The Home Stretch
Friday Morning, 8am. Everyone seems to be on their game today and that’s good thing because we are heading out to the offices of Bordeaux negoçiant Joanne for a warehouse tasting today where we will pick up some wines we missed.
The idea of UGC week is that the trade comes to Bordeaux and cycles through a number of large tastings organized at designated chateau where trade members can taste the wines of 20 or more chateaux from a given area (say Margaux for instance) in one location. It started off as a good idea but there were problems. A lot of the people pouring the wines either had no technical information on the wines or were indifferent to the people they were pouring for. Sometimes the samples were off and often they were off temperature but again, the pourers were generally indifferent. And, as often happens at big, annual events, the social aspect began to get in the way of efficiently tasting and recording tasting notes. In ordered to taste better samples and gather more information, I began to schedule more and more tastings at chateaux but we still had to attend the big cattle call tastings to taste everything we needed to evaluate. Then came an invitation from Joanne to visit their warehouse and have the opportunity to taste ALL the UGC wines in one location while seated at a table with the option to plug in the computer for note taking and with someone there to provide technical information (such as the blend) on all the wines. Doing this would free up more time for more appointments at chateaux so we scheduled to visit Joanne on Friday morning of UGC week. That was five years ago and I have never looked back.
When we walk into Joanne, we’re escorted to a private tasting area for just our group (and maybe a couple of others – this year it was two friends from the Liquor Control Board in Ontario). We are handed a catalogue of all the wines available to taste and check off the ones we want to taste. Then the fun begins. University interns pour the wines and we can rock through a lot of wine in a fairly short period of time. This year, we tasted through over forty wines in under three hours. A few were re-tastes but most were wines we had missed either knowing we would taste them at Joanne or because of the stomach bug – the “Grand Mal (big bad) de Bordeaux” – that had been going around all week.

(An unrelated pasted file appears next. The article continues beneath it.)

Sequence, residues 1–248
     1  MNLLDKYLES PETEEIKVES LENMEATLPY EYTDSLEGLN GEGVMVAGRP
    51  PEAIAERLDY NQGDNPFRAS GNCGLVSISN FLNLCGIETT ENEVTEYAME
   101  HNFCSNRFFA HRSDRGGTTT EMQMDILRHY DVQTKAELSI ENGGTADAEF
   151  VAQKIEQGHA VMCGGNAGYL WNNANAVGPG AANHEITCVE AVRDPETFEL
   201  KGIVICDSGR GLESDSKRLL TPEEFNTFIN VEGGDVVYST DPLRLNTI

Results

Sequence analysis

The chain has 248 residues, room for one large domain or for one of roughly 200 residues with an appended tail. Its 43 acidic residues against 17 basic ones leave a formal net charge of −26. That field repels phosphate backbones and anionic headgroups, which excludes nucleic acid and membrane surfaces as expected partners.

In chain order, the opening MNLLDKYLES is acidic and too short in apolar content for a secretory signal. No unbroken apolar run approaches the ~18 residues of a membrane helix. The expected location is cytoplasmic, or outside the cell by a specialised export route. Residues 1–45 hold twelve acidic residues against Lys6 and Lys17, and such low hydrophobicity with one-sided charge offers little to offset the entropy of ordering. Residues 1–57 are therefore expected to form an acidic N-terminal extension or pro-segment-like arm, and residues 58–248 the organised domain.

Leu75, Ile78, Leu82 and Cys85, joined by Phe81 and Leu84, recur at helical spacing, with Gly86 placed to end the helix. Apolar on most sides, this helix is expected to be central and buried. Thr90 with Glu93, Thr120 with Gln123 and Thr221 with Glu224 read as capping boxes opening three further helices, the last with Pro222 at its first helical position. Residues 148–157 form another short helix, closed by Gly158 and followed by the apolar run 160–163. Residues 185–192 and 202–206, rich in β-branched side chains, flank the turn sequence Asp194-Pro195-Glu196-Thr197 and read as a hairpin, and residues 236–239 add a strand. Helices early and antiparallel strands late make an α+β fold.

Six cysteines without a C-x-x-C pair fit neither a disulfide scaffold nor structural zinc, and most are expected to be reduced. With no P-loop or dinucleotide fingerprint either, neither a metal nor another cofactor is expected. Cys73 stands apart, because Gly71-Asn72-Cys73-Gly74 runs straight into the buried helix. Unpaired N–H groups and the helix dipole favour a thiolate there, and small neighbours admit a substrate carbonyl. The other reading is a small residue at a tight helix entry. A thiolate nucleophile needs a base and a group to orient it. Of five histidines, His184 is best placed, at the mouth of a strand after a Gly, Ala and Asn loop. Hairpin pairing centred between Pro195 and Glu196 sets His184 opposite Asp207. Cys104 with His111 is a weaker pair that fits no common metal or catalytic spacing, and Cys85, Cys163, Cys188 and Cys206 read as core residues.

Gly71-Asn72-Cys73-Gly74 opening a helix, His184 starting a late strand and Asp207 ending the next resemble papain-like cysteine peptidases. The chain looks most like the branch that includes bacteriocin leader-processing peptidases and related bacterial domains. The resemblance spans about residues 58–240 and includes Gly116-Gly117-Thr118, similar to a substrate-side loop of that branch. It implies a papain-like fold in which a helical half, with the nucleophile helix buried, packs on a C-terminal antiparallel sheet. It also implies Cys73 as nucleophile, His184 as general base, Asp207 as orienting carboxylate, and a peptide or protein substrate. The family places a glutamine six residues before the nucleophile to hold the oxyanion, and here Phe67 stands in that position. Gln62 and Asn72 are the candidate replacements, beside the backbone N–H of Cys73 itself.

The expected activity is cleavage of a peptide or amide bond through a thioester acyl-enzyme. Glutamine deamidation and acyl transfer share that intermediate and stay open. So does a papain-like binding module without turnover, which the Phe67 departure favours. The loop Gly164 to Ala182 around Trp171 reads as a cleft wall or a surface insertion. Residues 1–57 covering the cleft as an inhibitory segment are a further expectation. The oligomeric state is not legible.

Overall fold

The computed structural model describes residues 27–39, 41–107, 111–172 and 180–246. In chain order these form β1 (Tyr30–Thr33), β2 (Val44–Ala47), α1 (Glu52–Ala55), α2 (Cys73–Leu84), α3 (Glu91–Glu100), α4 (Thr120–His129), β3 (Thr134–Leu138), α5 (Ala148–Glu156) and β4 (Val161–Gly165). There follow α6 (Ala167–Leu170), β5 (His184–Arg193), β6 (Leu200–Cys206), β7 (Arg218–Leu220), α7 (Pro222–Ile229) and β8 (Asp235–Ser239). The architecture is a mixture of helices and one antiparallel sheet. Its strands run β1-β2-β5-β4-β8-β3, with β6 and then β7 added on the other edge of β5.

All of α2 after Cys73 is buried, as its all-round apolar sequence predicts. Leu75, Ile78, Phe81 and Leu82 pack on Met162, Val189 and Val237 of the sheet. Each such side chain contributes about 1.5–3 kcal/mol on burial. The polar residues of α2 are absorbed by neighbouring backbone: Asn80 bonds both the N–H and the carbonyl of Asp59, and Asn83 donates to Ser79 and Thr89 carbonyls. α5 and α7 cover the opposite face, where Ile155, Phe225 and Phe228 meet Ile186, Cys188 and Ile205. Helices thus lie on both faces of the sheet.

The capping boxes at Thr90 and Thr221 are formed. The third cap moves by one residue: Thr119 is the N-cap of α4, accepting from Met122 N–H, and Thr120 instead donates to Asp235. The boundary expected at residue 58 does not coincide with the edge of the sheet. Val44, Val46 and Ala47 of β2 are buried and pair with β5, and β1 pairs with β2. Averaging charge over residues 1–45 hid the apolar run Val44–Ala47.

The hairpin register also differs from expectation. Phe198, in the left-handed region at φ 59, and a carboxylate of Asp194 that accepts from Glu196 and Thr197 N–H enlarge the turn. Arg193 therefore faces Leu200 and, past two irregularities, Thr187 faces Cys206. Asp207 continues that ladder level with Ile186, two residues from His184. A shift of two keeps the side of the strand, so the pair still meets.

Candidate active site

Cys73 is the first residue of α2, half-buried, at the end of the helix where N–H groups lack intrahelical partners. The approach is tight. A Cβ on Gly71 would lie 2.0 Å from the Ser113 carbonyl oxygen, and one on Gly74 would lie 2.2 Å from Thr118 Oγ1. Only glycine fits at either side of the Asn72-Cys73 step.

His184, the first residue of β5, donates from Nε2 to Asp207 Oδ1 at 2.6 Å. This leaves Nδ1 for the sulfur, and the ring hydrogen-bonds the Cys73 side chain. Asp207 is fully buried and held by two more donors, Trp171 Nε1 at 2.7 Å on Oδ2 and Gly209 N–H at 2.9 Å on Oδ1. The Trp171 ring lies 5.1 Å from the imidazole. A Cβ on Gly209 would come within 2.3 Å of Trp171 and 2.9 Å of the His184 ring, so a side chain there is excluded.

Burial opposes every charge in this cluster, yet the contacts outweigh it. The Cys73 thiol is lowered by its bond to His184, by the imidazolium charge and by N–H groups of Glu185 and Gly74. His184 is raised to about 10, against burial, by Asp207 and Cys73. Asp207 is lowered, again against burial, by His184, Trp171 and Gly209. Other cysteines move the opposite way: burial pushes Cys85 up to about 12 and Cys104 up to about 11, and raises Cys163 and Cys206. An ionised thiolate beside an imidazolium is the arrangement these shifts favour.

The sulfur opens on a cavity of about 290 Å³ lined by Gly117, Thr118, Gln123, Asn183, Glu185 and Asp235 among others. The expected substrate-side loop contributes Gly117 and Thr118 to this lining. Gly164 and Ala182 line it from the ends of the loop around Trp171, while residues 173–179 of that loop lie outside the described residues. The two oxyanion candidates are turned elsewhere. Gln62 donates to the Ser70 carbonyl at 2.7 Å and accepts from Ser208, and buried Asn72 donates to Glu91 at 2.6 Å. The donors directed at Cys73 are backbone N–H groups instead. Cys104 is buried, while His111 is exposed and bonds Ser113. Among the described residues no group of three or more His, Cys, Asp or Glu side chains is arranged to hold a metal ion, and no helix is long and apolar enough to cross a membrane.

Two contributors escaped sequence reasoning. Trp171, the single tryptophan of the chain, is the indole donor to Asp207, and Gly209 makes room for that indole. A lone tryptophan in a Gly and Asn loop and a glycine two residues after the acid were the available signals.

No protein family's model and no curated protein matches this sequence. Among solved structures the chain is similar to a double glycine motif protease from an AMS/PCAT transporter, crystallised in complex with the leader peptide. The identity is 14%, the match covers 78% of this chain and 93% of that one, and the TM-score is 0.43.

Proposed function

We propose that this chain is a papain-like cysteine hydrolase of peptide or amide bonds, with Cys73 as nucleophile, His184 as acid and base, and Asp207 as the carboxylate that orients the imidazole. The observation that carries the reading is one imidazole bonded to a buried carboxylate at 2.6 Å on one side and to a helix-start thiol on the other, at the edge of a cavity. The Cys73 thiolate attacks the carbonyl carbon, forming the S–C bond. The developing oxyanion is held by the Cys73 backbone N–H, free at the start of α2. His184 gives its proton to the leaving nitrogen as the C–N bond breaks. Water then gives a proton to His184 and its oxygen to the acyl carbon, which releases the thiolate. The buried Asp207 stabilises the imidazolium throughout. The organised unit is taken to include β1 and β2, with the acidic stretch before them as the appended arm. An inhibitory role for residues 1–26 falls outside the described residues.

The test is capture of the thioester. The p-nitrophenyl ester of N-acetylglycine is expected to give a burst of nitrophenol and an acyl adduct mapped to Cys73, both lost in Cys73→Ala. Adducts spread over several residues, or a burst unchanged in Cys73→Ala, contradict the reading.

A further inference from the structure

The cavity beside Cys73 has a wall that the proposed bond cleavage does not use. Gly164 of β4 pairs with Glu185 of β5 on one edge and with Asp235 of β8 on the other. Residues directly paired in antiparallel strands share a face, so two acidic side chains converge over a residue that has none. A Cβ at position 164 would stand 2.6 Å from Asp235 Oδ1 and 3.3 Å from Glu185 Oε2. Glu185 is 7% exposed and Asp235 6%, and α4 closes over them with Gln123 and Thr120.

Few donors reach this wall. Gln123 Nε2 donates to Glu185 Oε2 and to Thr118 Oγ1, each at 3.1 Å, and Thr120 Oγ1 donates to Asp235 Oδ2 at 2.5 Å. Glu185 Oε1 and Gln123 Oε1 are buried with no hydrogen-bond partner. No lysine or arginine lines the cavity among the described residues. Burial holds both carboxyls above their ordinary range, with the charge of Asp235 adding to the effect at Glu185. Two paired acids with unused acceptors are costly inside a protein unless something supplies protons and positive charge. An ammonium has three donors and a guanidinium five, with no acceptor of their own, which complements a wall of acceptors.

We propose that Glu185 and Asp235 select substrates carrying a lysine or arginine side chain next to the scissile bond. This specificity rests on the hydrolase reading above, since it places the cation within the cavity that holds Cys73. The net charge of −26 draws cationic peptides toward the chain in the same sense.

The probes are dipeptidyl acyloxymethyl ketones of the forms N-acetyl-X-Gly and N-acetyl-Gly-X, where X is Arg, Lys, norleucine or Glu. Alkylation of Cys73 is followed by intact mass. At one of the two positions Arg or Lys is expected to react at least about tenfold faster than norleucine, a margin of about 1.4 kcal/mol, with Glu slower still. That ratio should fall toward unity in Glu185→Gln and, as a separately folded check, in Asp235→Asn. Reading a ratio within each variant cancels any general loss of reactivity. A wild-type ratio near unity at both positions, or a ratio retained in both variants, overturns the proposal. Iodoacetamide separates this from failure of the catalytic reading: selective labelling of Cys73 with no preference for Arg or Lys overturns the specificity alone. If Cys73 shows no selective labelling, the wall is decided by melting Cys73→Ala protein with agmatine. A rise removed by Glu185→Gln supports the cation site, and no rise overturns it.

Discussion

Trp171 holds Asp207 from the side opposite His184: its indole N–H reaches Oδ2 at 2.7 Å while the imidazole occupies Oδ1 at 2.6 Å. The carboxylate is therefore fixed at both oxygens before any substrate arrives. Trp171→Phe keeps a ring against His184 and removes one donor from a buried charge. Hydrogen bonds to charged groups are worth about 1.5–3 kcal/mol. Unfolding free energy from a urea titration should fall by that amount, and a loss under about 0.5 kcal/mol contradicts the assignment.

Here are the highlights of the Joanne tasting:
Ch. CANTEMERLE, Haut Medoc, 2015 (92)
Ch. La LAGUNE, Haut Medoc, 2015 (91+)
Ch. du TERTRE, Margaux, 2015 (91+)
Ch. CANTENAC BROWN, Margaux, 2015 (93+)
Ch. GISCOURS, Margaux, 2015 (94+)
Ch. d’ISSAN, Margaux, 2015 (93+)
Ch. BRANE CANTENAC, Margaux, 2015 (94+)
Ch. RAUZAN SEGLA, Margaux, 2015 (94-95)
Ch. LASCOMBES, Margaux, 2015 (93)
As these and our other scores for Margaux wines show, this was fine year for that appellation.
Ch. LALANDE BORIE, St. Julien, 2015 (91+)
A re-taste from the day before with much better results due to a better sample.
Ch. BEYCHEVELLE, St. Julien, 2015 (94+)
Ch. MEYNEY, St. Estephe, 2015 (93+)
Ch. LAFON ROCHET, St. Estephe, 2015 (93++)
A wine to reckon with this year due to improved facilities and a new consultant in the person of former Petrus winemaker Jean Claude Berrouet.
Ch. PAPE CLEMENT, Pessac Leognan Rouge, 2015 (94+)
Tasted at the recommendation of Joanne’s Dan Snook. Quite enjoyable 2015 after some years of way too much extraction.
Ch. CARBONNIEUX, Pessac Leognan Rouge Rouge, 2015 (94-95)
Ch. CARBONNIEUX BLANC, Pessac Leognan Blanc, 2015 (94-95)
Best young Carbonnieux wines of my career.
DOMAINE de CHEVALIER, Pessac Leognan Rouge, 2015 (94++)
Much better here than at the chateau on Monday.
Ch. CANON, St. Emilion, 2015 (95-96)
The guys tasted this on Wednesday but I was by that time a casualty.
Ch. CLOS FOURTET, St. Emilion, 2015 (95
Ch. la DOMINIQUE, St. Emilion, 2015 (95)
Tasted at the recommendation of Joanne’s Dan Snook. Improved facilities and new team have made abig difference.
Ch. TROPLONG MONDOT, St. Emilion, 2015 (94-96)
Ch. NENIN, Pomerol, 2015 (94)
Ch. DOISY VEDRINES, Barsac, 2015 (93-95)
Ch. COUTET, Barsac, 2015 (94)
Ch. DOISY DAENE, Barsac, 2015 (94+)
Clearly a fine vintage for Sauternes.
After Joanne, we had two more appointments: 3:30pm back at Ch. Haut Brion so James – who had missed Haut Brion on Monday due to the big bad – could experience bliss and 5:15pm at Borie Manoux as we had all missed getting good notes on those wines for the same reason.
At Ch. Haut Brion, the wines were consistent with Monday with the reds as a group showing a bit better on Monday (at La Mission) and the whites as a group showing a bit better on this second visit.
Finally, we went to Borie Manoux to taste through the range of chateaux owned by the Casteja family (who were our hosts for that fabulous dinner on the Sunday prior). Owner philippe Casteja actually poured and provided the technical details for our tasting
Here are the highlights of the Borie Manoux tasting:
Ch. BEAU-SITE, St. Estephe, 2015 (91+)
Brilliant white gravel and sand terroir overlooking Calon Segur.
Les HAUTS de LYNCH, Haut Medoc, 2015 (90+)
2nd wine of Lynch Moussas with some of the grapes coming from outside the Pauillac appellation.
Ch. LYNCH MOUSSAS, Pauillac, 2015 (92)
LIONS de BATAILLEY, Pauillac, 2015 (91)
New 2nd wine of Ch. Batailley.
Ch. BATAILLEY, Pauillac, 2015 (94+)
My “reference standard” in Pauillac.
Ch. la CROIX du CASSE, Pomerol, 2015 (91+)
DOMAINE de l’EGLISE, Pomerol, 2015 (93+)
La DAME de TROTTEVIELLE, St. Emilion, 2015 (91+)
Ch. TROTTEVIELLE, St. Emilion, 2015 (96-98)
Premiere Grand Cru Classé St. Emilion at a very high level with a small part of pre-phylloxera vines.
Whew! What a day. What a trip.
With that, the tasting is done but the fun is just beginning.
Lots of evaluation to be done, commentary (as opposed to travel log) to be written, and the pricing dance is about to start.